The second generation of stars formed out of the debris of the first, and not all of these were huge and fast-burning; many are still around today. Those that were massive, however, had similarly short lifetimes, and also died in supernovas, distributing yet more elements out into space. The iron in the hemoglobin in your blood was made in such an explosion.
Supernovas are not the only way dying stars spread the chemical wealth around. The atmospheres of huge dying stars are only tenuously bound by gravity. As they pulsate, they shed huge amounts of gas in the form of stellar wind. (The analog for the Sun is the solar wind, which thanks to our star’s quieter life is a lot calmer.) The cooler environment away from the star allows the atoms to come together to form molecules: methane and carbon dioxide, some of the precursors of life.
Betelgeuse—the bright red star forming the “shoulder” of the constellation Orion—is one such dying giant. Observations using the Very Large Telescope (VLT) in Chile discovered that Betelgeuse is surrounded by a huge cloud of ejected material, nearly 2 billion kilometers across. The cloud contains a wealth of oxygen-rich molecules, especially silicon dioxide—which on Earth is common beach sand. An atom of silicon in your own aorta was swept into space by stellar winds.
Outside of stars’ cores are their envelopes, which are too cold to fuse atoms, yet act as a different kinds of nuclear reactors. Neutrons from the core bombard atoms in the star’s outer layers, creating heavier elements that are carried away by stellar wind. Even the rare element technetium, which is unstable and not naturally occurring on Earth (its name even means “artificial”), is produced in the envelopes of giant stars. Some of the calcium in your teeth and the milk you give to nurse your baby was also forged this way.
Even lower-mass stars, which don’t die explosively, shed their outer layers gently in the form of planetary nebulas, seeding space with elements and organic molecules, including amino acids, the building blocks of proteins found in you and every other organism. Other kinds of stellar death—the explosion of a white dwarf and the collision of pulsars—could also be responsible for some atoms.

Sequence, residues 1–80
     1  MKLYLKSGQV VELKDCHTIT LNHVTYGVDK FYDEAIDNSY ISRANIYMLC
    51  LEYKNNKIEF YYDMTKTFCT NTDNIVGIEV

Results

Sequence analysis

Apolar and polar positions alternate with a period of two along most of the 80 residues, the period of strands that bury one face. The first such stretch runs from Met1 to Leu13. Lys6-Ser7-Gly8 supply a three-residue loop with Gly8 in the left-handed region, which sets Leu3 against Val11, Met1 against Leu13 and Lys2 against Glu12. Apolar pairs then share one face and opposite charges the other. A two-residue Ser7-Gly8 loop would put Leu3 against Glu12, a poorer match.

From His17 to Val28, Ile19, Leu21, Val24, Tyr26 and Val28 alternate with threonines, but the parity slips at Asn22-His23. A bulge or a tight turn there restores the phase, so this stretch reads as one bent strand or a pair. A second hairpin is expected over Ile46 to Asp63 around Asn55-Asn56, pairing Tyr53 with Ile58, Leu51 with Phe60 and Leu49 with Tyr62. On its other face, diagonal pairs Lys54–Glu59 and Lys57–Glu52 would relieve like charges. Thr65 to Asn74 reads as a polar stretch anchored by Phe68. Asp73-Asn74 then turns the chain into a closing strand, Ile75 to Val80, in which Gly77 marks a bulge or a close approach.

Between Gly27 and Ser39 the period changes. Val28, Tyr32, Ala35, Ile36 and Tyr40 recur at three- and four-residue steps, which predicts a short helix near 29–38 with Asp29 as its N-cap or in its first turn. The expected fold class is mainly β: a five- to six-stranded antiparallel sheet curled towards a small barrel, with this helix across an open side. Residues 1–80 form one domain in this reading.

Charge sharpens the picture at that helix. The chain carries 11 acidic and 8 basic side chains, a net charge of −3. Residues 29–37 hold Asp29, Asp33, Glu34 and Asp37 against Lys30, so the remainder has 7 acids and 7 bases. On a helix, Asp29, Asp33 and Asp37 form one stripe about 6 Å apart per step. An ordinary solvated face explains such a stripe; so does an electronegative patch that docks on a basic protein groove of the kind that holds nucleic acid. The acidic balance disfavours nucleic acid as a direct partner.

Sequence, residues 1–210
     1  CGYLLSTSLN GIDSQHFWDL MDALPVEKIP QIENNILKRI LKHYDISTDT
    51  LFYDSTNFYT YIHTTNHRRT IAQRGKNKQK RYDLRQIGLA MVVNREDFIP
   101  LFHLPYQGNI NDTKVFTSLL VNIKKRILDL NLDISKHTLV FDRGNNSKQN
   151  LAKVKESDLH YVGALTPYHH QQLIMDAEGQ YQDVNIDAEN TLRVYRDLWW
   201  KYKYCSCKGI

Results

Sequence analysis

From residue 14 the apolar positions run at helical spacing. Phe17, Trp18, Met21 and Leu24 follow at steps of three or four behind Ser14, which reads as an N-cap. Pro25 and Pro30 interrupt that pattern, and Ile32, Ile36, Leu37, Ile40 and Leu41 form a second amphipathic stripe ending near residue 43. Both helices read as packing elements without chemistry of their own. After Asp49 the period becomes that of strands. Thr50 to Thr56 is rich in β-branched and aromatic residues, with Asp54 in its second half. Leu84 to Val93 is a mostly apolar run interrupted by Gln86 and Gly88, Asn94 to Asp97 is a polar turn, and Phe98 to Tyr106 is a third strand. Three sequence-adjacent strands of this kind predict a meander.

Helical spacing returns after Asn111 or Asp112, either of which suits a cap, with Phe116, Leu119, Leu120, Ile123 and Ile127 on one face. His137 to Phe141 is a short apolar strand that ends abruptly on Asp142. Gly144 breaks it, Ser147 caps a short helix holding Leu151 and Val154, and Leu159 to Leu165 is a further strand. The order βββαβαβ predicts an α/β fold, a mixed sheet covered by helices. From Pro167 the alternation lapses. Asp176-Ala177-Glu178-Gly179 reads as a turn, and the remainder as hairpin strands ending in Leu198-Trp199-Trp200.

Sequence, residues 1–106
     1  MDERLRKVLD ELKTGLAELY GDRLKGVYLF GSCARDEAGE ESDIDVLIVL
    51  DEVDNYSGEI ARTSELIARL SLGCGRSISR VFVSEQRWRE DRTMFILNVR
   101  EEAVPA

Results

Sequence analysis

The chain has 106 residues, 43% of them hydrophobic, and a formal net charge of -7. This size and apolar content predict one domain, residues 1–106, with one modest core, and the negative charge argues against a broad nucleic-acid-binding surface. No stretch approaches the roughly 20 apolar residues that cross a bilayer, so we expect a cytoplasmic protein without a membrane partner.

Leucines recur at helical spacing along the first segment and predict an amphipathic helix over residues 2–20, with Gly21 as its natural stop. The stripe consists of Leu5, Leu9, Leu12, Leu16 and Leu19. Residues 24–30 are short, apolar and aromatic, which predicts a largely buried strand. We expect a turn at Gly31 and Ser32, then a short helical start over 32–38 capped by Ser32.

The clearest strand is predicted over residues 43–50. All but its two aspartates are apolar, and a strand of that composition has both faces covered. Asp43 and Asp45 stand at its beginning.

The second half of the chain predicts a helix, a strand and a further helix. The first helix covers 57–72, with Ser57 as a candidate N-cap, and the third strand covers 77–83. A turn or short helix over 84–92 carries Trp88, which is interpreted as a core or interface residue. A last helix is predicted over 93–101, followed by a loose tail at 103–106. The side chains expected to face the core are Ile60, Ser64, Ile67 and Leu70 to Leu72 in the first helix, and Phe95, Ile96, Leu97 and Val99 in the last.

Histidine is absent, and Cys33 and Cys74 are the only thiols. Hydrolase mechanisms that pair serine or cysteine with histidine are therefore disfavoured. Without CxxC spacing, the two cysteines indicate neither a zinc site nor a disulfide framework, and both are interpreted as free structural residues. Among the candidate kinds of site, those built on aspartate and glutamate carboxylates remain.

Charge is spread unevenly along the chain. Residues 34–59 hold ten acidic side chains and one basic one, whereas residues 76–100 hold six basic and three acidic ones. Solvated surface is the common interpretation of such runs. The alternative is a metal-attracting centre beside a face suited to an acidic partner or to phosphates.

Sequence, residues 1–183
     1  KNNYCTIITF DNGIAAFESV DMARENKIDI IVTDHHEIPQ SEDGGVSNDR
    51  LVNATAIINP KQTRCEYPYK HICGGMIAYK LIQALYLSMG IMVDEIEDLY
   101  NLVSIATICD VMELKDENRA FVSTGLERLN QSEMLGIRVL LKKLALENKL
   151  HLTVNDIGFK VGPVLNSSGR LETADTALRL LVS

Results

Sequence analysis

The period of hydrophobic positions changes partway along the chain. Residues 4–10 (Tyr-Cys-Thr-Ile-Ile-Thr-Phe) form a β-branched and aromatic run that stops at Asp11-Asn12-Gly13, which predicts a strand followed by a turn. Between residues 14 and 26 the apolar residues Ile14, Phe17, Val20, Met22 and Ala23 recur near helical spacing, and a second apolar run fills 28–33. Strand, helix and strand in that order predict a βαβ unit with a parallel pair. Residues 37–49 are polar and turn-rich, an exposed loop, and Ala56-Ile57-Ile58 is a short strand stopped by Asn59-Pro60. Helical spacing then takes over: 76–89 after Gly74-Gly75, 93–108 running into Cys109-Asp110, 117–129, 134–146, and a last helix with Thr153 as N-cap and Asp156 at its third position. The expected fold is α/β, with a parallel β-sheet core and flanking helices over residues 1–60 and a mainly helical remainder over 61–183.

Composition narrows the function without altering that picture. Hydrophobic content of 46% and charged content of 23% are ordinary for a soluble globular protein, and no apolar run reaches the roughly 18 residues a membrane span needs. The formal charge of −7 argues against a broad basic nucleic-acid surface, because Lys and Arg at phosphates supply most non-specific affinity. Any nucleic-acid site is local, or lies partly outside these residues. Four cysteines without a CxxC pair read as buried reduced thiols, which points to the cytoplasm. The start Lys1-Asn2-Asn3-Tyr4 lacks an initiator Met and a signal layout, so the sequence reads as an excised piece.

The Sun, with its planets and beings who sit around thinking about this stuff, is neither a first- nor second-generation star. Our solar system formed from a nebula that was itself the graveyard of at least one star, which contained enough iron and nickel to make Earth, the Moon, and the other rocky worlds. In fact, researchers have identified two grains of silicon dioxide in meteorites—almost unimaginably small samples—containing isotopes of oxygen that aren’t known to form from stellar atmospheres, but match those produced in supernovas.
Whatever the specific source, between fusion and other nuclear processes in dying stars, with winds and explosions to disperse their products, stars provide nearly every element found on Earth and the means to bring them into space. The tale of these atoms and their journey from the beginning of time to our anatomy is our backstory. Even better, it’s a story we share with labradoodles and meteorites, stones and running brooks. I would not change it a bit.
Matthew Francis is a physicist, science writer, public speaker, educator, and frequent wearer of jaunty hats. He’s currently writing a book on cosmology, with the working title, Back Roads, Dark Skies: A Cosmological Journey.